From jamming with veteran British rockers Jethro Tull to gigs with the Oregon Symphony and Minnesota Orchestra along with teaching at music schools in Tonga and Serbia, one of the newest faces in Memorial’s School of Music plans to draw on her immense musical experience to help breathe life into a new course she’s teaching next semester on the St. John’s campus.
But instead of attracting music majors, Dr. Christine Gangelhoff is hoping to target students from other academic disciplines particularly those who’ve never signed up for a music class before.
Music 2014: Introduction to World Music will focus on introducing students to various genres of music from around the world and demonstrate how music interacts with society, culture and politics. The course will include lectures and discussions, assigned concert attendance and some hands-on musical experience.
“Students will not only broaden their musical horizons but also gain an understanding of how music fits into their own life and culture,” Dr. Gangelhoff said earlier this month. “I have found that music is a wonderful way to relate to people and their culture. It creates a connection that allows you access to other aspects of a culture in new and unexpected ways. I think that students will find it to be a fun and rewarding area of study.”
And, so it has been for Dr. Gangelhoff, a flutist originally from Minnesota who arrived in St. John’s in August. Armed with degrees from the University of Minnesota, the University of North Texas and Yale University, her career has taken her around the world and onto hundreds of recital stages. She’ll use this experience to bring depth and richness to her classes.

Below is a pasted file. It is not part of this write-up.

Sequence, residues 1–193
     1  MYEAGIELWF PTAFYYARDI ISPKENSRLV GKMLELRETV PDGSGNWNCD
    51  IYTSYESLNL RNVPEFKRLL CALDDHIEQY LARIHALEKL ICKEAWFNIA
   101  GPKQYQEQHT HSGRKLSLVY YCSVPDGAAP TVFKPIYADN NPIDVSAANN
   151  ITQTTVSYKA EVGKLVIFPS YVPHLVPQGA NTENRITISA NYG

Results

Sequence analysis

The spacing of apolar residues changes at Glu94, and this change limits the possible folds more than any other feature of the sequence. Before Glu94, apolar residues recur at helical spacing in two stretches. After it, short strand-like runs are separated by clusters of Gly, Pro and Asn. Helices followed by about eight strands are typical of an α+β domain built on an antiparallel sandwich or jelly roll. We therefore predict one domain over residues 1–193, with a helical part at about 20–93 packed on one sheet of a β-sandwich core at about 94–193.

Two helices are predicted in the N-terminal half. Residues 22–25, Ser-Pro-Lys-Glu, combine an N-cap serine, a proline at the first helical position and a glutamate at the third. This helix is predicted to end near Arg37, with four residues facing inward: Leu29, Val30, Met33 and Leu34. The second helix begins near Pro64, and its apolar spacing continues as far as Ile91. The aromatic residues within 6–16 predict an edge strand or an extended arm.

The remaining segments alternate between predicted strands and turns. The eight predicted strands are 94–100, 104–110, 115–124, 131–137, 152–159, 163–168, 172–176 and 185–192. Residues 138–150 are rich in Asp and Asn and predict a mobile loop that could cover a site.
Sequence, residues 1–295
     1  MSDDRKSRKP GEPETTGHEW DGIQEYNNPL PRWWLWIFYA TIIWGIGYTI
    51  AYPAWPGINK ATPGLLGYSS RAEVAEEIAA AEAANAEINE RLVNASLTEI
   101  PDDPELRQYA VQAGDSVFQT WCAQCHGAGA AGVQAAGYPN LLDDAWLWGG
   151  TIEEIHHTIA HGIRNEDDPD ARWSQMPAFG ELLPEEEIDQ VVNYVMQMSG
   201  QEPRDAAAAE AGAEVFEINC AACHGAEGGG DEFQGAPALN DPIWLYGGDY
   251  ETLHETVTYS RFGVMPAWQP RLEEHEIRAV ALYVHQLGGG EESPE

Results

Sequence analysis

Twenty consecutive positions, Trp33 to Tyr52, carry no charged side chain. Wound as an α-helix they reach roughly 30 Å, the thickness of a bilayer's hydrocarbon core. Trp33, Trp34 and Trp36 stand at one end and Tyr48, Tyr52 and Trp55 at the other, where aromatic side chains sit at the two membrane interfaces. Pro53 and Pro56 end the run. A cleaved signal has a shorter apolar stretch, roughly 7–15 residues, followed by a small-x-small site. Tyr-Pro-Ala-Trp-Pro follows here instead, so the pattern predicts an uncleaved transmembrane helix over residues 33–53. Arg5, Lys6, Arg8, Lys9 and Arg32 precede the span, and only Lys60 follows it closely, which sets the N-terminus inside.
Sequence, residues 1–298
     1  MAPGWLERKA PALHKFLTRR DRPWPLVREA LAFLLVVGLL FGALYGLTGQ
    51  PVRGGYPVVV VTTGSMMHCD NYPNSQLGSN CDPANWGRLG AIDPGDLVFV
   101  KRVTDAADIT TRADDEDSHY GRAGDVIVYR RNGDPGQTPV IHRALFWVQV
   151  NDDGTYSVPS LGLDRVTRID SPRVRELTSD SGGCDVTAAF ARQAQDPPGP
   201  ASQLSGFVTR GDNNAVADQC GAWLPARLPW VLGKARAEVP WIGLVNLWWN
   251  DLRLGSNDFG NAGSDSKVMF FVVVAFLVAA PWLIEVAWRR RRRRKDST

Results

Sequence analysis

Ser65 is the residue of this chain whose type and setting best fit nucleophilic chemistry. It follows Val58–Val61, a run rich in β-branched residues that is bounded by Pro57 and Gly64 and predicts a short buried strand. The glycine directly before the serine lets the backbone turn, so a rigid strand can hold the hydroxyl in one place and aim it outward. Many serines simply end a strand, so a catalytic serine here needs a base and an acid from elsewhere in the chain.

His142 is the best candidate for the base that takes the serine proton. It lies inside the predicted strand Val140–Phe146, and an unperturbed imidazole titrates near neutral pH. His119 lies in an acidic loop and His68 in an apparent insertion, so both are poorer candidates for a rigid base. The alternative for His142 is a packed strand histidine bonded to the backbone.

“I have always been drawn to music and love to be a part of the musical community whether in the role of performer, teacher or student,” she said with a smile. “I feel very fortunate to have had a very rich and extensive musical experience. I love devoting myself to those studies and having the chance to share that with others.”
Dr. Gangelhoff will not only be sharing her experience with students in the classroom. She has helped form the first-ever klezmer group at the university which has performed at the Ship Pub in St. John’s.
“The repertoire is drawn from klezmer music which is the traditional instrumental wedding and celebratory music of the Yiddish-speaking Jews of Eastern Europe,” Dr. Gangelhoff explained. “The instrumentation of our university group, which includes flute, oboe, French horn, banjo and tuba, is not exactly traditional but the students are learning the style and enjoying themselves along the way. That’s my aim for this group and my new course next semester.”
Music 2014: Introduction to World Music is offered next semester on Tuesdays and Thursdays at 11:45 a.m. in room MU-1032. Students may register with CRN 70560. There are no prerequisites.